# Top-Down Programming Example: Rock, Paper, Scissors

## Step #1: Goal and General Algorithm Idea

Goal: write a game to play “rock, paper, scissors”

The user chooses one of these, the computer chooses the other

• If the pair is “rock, paper”, the paper wins
• If the pair is “scissors, paper”, the scissors wins
• If the pair is “scissors, rock”, the rock wins

Specification: user enters selection of rock, paper, scissors

Program prints computer’s selection, who wins

At end, computer prints number of games human won and it won

High-level design:

• initialize score
• loop
• if quit, exit loop
• computer selects one
• select winner and increment win count
• endloop
• print number of games user won, computer won, ties

## Step #2: Data Representation and Program Structure

Part #1: Data

Represent the rock, paper, scissors using strings: “rock”, “paper”, “scissors” (sequence things)

Represent commands as strings as above, plus “quit” (sequence cmdlist)

Store the scores in a dictionary with keys “user”, “computer”, “tie” and integer values (initially set to 0)

Part #2: Functions

• get user input – getuser()
• get computer choice – getcomp()
• determine winner – whowins()

Part #3: Refine algorithm \hspace*{3ex}

We can now put this into Python


while True:
userchoice = getuser();
if (userchoice == quit):
break
compchoice = getcomp();
winner = whowins(userchoice, compchoice)
score[winner] += 1
print "You won", score[“user”], "game(s), the computer won",
print score[“computer”], "game(s), and you two tied", score[“tie”], "game(s)"


## Step #3: Figure out who wins

Represent (object1, object2) where object1 beats object2\$ as list of tuples, winlist. To see if user won, see if the (user-chosen object, computer-chosen object) tuple is in that list.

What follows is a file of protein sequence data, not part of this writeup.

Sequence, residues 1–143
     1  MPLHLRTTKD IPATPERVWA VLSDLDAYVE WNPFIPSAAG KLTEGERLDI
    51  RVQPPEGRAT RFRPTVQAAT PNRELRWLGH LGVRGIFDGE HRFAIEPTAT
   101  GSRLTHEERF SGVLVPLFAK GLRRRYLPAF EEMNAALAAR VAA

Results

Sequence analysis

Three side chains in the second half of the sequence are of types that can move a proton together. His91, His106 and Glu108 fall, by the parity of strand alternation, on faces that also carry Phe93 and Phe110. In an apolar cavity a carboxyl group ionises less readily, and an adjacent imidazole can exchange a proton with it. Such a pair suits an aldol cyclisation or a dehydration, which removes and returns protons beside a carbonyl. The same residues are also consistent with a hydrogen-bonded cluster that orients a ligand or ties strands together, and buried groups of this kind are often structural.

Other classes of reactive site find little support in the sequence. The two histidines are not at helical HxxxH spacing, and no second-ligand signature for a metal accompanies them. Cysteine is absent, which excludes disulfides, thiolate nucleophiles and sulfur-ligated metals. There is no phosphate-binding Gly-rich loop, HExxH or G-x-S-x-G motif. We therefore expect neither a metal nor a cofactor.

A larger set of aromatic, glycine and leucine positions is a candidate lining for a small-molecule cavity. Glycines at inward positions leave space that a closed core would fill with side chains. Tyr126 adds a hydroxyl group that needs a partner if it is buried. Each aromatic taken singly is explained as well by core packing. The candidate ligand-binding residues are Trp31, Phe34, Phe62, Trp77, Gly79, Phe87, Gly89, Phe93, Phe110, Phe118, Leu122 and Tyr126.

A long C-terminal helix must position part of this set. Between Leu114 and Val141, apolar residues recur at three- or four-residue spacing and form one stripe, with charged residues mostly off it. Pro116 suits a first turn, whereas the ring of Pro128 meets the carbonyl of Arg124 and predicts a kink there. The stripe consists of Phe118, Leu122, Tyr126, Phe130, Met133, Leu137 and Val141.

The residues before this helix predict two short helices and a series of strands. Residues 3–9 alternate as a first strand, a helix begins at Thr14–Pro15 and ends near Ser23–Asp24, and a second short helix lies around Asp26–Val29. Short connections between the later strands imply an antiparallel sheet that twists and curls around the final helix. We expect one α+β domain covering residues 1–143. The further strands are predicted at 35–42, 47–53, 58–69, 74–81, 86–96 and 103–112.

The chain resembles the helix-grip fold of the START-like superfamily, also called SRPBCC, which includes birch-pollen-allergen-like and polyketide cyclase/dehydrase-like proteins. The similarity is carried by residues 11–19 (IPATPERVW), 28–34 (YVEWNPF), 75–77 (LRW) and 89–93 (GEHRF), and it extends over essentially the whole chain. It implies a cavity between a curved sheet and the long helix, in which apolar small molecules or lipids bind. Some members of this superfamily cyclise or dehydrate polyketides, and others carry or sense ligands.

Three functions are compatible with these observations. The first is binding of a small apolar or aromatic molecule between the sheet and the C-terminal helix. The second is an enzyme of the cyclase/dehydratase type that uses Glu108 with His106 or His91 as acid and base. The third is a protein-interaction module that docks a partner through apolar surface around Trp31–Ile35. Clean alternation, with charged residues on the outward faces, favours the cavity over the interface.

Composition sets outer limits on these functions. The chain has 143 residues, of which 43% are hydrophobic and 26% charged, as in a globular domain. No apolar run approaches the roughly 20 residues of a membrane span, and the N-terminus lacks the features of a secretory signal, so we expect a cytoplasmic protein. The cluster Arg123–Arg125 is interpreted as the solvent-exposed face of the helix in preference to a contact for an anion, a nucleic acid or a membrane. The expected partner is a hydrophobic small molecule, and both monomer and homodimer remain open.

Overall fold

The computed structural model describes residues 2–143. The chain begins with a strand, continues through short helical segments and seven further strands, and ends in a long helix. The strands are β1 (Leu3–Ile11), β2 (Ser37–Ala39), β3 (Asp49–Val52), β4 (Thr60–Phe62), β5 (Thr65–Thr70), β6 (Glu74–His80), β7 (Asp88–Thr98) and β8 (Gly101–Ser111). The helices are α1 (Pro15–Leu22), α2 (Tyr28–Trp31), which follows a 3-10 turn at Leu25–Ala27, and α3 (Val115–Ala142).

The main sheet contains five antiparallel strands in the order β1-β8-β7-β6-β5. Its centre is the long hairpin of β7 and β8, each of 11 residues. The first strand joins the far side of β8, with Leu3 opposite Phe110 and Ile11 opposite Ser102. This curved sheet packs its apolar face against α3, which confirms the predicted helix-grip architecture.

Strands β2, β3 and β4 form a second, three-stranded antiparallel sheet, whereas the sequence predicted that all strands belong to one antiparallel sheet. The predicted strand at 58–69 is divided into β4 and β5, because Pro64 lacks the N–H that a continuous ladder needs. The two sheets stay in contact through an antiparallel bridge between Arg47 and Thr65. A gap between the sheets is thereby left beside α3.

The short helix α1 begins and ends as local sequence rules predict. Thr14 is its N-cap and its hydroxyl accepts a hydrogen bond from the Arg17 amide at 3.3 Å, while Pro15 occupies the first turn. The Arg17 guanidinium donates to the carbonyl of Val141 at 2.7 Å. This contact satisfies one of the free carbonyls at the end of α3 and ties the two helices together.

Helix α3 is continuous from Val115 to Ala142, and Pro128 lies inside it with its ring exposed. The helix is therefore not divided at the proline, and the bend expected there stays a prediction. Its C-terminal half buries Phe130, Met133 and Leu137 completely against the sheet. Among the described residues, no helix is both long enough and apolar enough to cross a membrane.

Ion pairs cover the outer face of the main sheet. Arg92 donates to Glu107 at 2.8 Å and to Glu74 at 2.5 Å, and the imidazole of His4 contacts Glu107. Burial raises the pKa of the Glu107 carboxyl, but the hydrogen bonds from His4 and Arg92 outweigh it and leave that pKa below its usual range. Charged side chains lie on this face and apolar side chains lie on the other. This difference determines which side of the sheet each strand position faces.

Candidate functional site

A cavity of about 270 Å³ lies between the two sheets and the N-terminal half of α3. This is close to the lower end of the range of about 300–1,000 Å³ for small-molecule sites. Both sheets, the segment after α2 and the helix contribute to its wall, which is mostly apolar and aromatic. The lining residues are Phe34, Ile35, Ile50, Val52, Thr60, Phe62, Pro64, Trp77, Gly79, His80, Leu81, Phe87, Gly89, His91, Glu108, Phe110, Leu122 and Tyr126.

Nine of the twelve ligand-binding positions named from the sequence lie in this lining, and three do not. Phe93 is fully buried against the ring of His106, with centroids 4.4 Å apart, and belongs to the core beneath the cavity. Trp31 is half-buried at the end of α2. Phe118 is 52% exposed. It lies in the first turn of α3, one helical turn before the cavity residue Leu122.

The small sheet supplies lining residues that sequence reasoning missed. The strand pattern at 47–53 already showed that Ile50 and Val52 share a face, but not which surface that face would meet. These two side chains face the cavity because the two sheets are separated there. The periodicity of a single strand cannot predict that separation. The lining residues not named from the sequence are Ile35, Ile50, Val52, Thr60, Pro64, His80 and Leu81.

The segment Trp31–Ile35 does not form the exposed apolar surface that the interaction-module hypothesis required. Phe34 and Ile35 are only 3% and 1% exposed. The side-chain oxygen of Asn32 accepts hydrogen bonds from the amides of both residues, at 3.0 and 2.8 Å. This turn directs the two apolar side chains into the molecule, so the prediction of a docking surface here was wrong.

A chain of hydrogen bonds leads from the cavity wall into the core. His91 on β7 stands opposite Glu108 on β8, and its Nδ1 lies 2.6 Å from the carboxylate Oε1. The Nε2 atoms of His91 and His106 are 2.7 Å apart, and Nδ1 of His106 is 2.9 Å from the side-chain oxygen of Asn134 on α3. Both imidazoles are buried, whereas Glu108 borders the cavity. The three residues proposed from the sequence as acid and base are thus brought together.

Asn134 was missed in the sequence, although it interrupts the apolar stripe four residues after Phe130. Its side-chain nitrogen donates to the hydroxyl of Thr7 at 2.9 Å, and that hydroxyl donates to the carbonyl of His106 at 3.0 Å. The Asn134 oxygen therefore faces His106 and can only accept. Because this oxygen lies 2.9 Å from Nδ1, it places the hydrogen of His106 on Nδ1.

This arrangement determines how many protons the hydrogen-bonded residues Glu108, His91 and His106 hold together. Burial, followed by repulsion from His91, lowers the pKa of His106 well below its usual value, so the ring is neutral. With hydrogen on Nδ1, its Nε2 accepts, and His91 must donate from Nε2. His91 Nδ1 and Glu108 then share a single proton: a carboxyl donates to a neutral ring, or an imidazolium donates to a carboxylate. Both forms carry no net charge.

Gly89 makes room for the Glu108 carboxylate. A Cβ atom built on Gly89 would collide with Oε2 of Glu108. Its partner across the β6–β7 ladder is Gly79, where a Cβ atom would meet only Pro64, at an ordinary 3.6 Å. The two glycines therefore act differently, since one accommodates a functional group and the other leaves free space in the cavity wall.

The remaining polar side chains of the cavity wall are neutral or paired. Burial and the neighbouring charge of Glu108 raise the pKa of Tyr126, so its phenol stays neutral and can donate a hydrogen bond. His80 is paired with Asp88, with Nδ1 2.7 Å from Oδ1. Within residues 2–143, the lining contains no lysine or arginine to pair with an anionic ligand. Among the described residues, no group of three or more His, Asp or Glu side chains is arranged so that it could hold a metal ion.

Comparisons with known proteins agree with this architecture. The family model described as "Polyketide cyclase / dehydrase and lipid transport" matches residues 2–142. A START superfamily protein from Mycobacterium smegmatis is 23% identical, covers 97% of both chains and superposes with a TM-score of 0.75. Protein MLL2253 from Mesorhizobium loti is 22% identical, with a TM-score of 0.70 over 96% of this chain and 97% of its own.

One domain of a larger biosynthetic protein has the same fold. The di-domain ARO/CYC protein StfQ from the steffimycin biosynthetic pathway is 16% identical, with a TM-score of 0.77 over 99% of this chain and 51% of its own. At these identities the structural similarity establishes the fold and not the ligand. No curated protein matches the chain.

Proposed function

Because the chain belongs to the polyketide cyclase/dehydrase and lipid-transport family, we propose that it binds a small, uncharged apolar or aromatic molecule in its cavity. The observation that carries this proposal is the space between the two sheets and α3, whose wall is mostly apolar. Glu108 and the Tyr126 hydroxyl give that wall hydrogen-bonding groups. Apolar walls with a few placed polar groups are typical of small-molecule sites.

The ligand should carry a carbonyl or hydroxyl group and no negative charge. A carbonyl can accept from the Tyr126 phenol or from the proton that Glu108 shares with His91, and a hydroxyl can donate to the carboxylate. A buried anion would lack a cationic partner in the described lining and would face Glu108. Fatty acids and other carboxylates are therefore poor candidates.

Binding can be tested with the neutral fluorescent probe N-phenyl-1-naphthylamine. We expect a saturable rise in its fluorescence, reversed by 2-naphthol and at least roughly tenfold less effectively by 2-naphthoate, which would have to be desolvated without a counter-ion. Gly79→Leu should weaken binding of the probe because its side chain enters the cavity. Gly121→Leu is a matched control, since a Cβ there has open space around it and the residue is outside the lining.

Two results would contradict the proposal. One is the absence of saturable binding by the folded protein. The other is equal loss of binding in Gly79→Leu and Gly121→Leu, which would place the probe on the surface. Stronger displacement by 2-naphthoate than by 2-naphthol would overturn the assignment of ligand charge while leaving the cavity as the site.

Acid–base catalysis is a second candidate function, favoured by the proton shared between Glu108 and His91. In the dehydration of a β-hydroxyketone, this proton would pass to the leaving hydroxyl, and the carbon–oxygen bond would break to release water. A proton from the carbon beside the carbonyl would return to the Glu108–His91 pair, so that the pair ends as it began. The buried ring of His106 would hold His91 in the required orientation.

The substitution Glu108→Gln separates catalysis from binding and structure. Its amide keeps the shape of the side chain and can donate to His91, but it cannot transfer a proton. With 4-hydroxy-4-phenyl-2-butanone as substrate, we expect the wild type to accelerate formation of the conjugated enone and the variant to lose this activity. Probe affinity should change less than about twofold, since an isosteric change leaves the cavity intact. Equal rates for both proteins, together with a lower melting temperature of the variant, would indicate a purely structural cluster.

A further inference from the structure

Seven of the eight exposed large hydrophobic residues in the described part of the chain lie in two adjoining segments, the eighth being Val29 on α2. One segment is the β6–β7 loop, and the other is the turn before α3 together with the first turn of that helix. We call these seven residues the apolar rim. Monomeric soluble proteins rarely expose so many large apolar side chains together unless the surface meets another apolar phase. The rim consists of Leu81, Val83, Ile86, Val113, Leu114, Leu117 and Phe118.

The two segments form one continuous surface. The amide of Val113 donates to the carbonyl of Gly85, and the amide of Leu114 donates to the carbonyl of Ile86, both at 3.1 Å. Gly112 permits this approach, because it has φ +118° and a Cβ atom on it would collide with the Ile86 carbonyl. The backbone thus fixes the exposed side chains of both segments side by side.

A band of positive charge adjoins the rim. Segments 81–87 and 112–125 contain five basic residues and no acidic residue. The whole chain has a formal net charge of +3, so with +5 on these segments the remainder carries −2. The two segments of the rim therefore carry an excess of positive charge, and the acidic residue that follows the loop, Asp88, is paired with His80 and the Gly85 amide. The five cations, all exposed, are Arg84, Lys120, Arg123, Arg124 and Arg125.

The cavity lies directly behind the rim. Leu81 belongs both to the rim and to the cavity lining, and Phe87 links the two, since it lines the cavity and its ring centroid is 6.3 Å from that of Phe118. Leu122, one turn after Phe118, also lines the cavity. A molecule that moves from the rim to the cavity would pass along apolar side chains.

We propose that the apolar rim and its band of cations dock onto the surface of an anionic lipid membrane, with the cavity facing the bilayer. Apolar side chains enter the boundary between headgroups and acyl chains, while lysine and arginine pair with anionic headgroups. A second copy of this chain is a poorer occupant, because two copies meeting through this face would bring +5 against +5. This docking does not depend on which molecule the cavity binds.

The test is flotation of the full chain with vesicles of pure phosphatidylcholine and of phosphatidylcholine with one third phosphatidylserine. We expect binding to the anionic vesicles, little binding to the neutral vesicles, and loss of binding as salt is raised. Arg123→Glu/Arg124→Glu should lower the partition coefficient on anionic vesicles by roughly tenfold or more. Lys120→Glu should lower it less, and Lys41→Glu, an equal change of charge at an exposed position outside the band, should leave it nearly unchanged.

def whowins(user, comp):
if user == comp:
win = "tie"
elif (user, comp) in winlist:
win = "user"
else:
win = "computer"
return win


## Step #4: Get computer choice

Given the three objects in the sequence things, choose randomly.


def getcomp():
pick = random.choice(things)
print("Computer picks", pick)
return pick


## Step #5: Get user input

Loop until you get a valid input. If the user types an end of file (control-d) or an interrupt (control-c), act as though the user typed “quit”; report any other exceptions and then act as though the user typed “quit”.


def getuser():
while True:
try:
n = input("Human: enter rock, paper, scissors, quit: ")
except (EOFError, KeyboardInterrupt):
n = "quit"
break
except Exception as msg:
print("Unknown exception:", msg, "– quitting")
n = "quit"
break
*** check input ***
return n


To check input, we need to be sure it’s a valid command, so see if it’s in cmdlist:


if n not in cmdlist:
else:
break


Put these together to get the user input routine.

## Step #6: Make it human-friendly

The program now works correctly, but it’s rather unfriendly— the “game(s)” should be “game” or “games” as appropriate, and it should tell the user who wins each round. So we ned to add something to the while True loop in the main routine, and change the print statements at the end.

Telling the user who wins is straightforward. Simply put in an if statement at the end of the loop. One tricky point is that there are actually four conditions: winner can take on three known values (“user”, “computer”, and “tie”), and any other unknown value. It should never do the latter, but just in case, we program defensively and put a special case in to catch that. The resulting code is:


if winner == "user":
print "You win"
elif winner == "computer":
print "Computer wins"
elif winner == "tie":
print "Tie"
else:
print "*** INTERNAL ERROR *** winner is", winner
break


Next, the program should distinguish between 1 “game” and any other number of “games” (note you say “0 games” in English). Again, we use an if statement to handle it. Both the computer’s number of games, the user’s number of game, and the number of tie games have to be handled.


print "You won",
if score["user"] == 1:
print "1 game, the computer won",
else:
print score["user"], "games, the computer won",
if score["computer"] == 1:
print "1 game, and you two tied",
else:
print score["computer"], "games, and you two tied",
if score["tie"] == 1:
print "1 game."
else:
print score["tie"], "games."


The resulting program is rps-prog3.py.

 Matt Bishop Department of Computer Science University of California at Davis Davis, CA 95616-8562 USA